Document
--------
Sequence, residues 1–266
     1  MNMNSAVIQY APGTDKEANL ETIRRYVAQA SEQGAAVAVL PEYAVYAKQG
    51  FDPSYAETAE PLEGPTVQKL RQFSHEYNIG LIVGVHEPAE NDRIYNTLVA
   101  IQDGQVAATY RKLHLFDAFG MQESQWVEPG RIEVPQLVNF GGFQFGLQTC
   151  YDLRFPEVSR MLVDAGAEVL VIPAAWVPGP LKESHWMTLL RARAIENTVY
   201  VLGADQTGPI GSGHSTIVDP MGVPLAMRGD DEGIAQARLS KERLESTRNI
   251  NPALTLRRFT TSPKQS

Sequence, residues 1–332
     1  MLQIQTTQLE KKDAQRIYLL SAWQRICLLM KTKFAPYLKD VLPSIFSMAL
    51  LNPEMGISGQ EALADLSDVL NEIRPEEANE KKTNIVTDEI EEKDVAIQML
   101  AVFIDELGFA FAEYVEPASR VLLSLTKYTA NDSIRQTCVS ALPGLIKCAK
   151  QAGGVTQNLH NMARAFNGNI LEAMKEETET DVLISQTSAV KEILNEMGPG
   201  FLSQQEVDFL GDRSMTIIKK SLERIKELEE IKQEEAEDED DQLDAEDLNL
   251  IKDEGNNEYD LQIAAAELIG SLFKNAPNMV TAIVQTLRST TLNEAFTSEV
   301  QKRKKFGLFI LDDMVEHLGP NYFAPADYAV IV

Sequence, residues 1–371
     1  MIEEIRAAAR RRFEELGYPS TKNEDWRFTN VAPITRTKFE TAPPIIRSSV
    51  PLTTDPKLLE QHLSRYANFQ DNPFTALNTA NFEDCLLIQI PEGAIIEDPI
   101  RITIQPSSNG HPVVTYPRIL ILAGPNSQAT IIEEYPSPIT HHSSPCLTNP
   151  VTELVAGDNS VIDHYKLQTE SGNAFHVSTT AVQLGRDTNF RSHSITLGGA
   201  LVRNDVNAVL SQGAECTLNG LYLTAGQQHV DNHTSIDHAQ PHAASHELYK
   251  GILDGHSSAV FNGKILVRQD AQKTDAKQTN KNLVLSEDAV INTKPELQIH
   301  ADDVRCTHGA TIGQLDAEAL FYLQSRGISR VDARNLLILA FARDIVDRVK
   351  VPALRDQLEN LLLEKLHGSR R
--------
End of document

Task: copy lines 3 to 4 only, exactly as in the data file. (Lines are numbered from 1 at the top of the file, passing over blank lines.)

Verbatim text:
    51  FDPSYAETAE PLEGPTVQKL RQFSHEYNIG LIVGVHEPAE NDRIYNTLVA
   101  IQDGQVAATY RKLHLFDAFG MQESQWVEPG RIEVPQLVNF GGFQFGLQTC